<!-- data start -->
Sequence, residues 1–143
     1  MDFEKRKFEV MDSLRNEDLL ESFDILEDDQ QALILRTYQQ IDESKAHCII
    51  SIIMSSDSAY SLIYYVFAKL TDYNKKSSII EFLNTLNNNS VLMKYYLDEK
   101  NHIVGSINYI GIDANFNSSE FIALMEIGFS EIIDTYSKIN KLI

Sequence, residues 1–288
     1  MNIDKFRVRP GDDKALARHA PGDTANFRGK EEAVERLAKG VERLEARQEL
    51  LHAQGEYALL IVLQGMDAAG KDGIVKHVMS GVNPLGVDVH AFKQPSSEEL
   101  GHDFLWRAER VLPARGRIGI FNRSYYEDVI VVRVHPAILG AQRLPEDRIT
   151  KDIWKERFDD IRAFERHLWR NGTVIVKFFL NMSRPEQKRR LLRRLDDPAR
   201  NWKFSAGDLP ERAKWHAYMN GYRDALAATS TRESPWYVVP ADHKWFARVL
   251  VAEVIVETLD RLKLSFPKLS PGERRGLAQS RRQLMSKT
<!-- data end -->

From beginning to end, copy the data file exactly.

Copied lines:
Sequence, residues 1–143
     1  MDFEKRKFEV MDSLRNEDLL ESFDILEDDQ QALILRTYQQ IDESKAHCII
    51  SIIMSSDSAY SLIYYVFAKL TDYNKKSSII EFLNTLNNNS VLMKYYLDEK
   101  NHIVGSINYI GIDANFNSSE FIALMEIGFS EIIDTYSKIN KLI

Sequence, residues 1–288
     1  MNIDKFRVRP GDDKALARHA PGDTANFRGK EEAVERLAKG VERLEARQEL
    51  LHAQGEYALL IVLQGMDAAG KDGIVKHVMS GVNPLGVDVH AFKQPSSEEL
   101  GHDFLWRAER VLPARGRIGI FNRSYYEDVI VVRVHPAILG AQRLPEDRIT
   151  KDIWKERFDD IRAFERHLWR NGTVIVKFFL NMSRPEQKRR LLRRLDDPAR
   201  NWKFSAGDLP ERAKWHAYMN GYRDALAATS TRESPWYVVP ADHKWFARVL
   251  VAEVIVETLD RLKLSFPKLS PGERRGLAQS RRQLMSKT